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New section 11(j) provisions are not same old, same old

The recent amendments of the doubtful debt allowance provisions

With effect from 1 January 2019, the doubtful debt allowance provisions contained in section 11(j) of the Income Tax Act, 58 of 1962 (the Act) were amended. While taxpayers who apply IFRS 9 have been grappling with these changes for some time, other taxpayers may not have realised the extent to which the amendments practically alter the determination of the allowances that they may claim.

Before 1 January 2019, the doubtful debt allowance was a discretionary allowance, i.e. whether and how much allowance could be claimed as a deduction was at the discretion of the Commissioner for the South African Revenue Service (SARS).

The previous version of section 11(j) of the Act required taxpayers to determine which debts are doubtful and then the SARS Commissioner could exercise his discretion to grant a doubtful debt allowance deduction. In terms of a long-established practice, the SARS Commissioner expected taxpayers to maintain a list of debts considered doubtful reflecting among others the reasons why the debts were considered to be doubtful. In general, taxpayers claimed and were allowed an allowance equal to 25% of its doubtful debt provision and supported this allowance with a list of doubtful debts.

If a taxpayer wished to claim a higher allowance it could do so, provided that it could defend such higher allowance (as an allowance of more than 25% of the doubtful debts provision was not in line with SARS’ practice).

With a view to moving to a self-assessment process, the discretion of the SARS Commissioner to grant the deduction of a doubtful debt allowance was removed when section 11(j) was amended in the Taxation Laws Amendment Act, 25 of 2015. The section was amended to provide that the allowance could be claimed on debts considered to be doubtful based on criteria to be established by public notice issued by the SARS Commissioner. The effective date for this amendment and the attendant public notice was, however, never gazetted.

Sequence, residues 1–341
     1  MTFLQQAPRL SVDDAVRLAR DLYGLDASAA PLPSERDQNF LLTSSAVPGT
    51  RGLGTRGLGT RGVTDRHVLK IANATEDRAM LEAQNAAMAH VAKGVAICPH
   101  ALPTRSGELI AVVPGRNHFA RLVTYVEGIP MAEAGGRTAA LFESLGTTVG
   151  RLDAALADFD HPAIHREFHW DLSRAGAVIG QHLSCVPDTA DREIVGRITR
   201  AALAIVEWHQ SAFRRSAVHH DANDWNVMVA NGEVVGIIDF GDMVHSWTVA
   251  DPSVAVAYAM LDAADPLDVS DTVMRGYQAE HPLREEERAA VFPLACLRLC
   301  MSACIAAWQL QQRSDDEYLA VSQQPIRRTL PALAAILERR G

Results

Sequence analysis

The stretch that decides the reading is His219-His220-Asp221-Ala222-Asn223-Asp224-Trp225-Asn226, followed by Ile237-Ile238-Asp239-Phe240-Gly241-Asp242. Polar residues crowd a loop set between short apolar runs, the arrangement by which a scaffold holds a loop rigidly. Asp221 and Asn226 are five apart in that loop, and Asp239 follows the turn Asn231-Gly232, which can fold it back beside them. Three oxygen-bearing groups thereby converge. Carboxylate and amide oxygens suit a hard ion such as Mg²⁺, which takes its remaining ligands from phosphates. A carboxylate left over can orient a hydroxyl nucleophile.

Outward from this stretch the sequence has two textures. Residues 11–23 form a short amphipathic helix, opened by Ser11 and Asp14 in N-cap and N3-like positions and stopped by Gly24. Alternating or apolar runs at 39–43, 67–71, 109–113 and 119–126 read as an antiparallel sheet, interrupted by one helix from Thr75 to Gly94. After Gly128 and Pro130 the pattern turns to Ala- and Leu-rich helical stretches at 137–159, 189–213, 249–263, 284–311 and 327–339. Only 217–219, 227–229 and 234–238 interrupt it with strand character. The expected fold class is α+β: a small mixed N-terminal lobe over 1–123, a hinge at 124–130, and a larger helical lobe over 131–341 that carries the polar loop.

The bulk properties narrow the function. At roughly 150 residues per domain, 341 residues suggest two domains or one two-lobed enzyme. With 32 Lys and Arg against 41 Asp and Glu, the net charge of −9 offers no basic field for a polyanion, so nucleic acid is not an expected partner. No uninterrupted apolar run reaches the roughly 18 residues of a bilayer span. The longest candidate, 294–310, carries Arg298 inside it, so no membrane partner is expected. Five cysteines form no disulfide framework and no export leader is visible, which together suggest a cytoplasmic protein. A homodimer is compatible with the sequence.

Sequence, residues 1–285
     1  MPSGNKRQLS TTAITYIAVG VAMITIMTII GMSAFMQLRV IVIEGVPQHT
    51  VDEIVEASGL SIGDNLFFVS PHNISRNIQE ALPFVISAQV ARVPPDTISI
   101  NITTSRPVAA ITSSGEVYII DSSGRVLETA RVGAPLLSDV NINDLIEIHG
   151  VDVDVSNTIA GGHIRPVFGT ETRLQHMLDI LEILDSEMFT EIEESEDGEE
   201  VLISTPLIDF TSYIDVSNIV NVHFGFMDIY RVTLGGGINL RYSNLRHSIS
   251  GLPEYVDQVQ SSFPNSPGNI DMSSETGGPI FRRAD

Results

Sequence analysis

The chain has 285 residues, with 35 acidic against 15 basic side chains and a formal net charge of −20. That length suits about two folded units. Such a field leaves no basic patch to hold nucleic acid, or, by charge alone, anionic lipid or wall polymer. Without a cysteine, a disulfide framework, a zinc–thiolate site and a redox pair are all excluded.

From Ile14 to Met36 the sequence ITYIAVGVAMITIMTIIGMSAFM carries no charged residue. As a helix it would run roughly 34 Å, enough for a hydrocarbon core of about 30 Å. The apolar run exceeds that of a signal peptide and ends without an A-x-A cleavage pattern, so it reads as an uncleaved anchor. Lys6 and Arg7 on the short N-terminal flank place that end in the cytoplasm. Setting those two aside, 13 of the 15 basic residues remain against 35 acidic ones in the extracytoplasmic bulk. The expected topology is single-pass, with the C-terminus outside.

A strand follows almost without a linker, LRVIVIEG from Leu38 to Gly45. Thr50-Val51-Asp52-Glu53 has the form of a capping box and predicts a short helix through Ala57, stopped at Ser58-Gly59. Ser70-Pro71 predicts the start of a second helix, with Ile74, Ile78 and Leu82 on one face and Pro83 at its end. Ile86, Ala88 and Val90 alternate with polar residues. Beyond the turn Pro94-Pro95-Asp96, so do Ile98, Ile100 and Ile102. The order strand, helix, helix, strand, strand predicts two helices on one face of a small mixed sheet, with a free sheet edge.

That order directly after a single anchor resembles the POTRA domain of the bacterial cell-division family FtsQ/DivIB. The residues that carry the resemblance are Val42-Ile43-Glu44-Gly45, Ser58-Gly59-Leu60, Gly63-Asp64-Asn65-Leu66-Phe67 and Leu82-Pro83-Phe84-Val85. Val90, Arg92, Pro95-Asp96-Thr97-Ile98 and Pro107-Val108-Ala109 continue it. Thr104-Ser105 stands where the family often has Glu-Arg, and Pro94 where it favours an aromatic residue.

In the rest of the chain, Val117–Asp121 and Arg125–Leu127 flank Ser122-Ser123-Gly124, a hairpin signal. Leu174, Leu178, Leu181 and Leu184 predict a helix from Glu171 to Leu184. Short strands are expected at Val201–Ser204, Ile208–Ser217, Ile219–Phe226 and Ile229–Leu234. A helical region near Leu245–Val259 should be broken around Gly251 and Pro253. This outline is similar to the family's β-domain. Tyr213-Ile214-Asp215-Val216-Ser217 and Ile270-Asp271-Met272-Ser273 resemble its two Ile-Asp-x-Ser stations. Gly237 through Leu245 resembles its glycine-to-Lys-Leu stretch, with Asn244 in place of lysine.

With the introduction of the new accounting standard, IFRS 9, the allowance for doubtful debts provided for in section 11(j) was completely overhauled in the Taxation Laws Amendment Act, 23 of 2018 to provide for a percentage-based allowance, effective for years of assessment commencing on or after 1 January 2019. Where IFRS 9 is applied, the allowance percentages of 40% and 25% are applied to components of the impairment loss provision that is recognised for accounting purposes. To the extent that the provision relates to the impairment of debt and is recognised in respect of lifetime expected credit losses, 40% of the provision will be allowed as a deduction. A 25% allowance may be deducted in respect of the balance of the impairment loss provision.

Where IFRS 9 is not used for accounting purposes, the new section 11(j) provisions operate very differently from the practice previously applied by SARS. In these circumstances, section 11(j) now provides for an allowance which is based on the ageing of debt. If a debt that is due is 120 days or more in arrears, the allowance is 40% of such debt. If a debt that is due is 60 days or more in arrears but less than 120 days in arrears, the percentage is reduced to 25%.

Interesting observations from these recent amendments

  • Firstly, taxpayers would, in our view, have no regard to the actual accounting provision raised in the accounting records (if IFRS 9 is not applied). In principle, this may mean that the allowance could be higher than 25% of the provision that was generally claimable in the past.
  • Secondly, taxpayers must not determine the age of the debt from the date of its inception, but must calculate the age of the debt with reference to the date upon which the debt became overdue. The aging of debts would therefore differ from debtor to debtor if the payment terms of such debtors differ.

For example, if debtor A has 30 days to pay the debt, a doubtful debt allowance of 25% would only be available 90 days after the debt came into existence. If a debtor has to pay on presentation of the invoice, the debt will qualify for a 25% allowance on the 60th day after the invoice was issued and the debt raised. Care must be taken to not take it at face value that a debtor showing as a 120-day debtor for accounting purposes would qualify for a 40% doubtful debt allowance. A proper age analysis is required for purposes of applying section 11(j) of the Act.

  • Thirdly, taxpayers are no longer required to provide reasons as to why debts are considered to be doubtful, but have to prepare an age analysis as provided for in section 11(j) of the Act.

Another question that arises is whether section 11(j) allowances can be claimed on certain credit note provisions if such provisions relate to specific underlying debtors. These credit note provisions typically arise where, for example, conditional payment relief is granted to qualifying debtors. This may be an aggressive approach as the intention of section 11(j) of the Act is for allowances to be claimed on doubtful debts and not necessarily on provisions for credit notes. This is however a grey area in the income tax legislation and no SARS guidance has been provided to date.

In conclusion, taxpayers and their advisors need to take note that section 11(j) of the Act, in its current form, differs significantly from its predecessor and assuming any treatment that is derived from experience under the previous section would need to be carefully considered.


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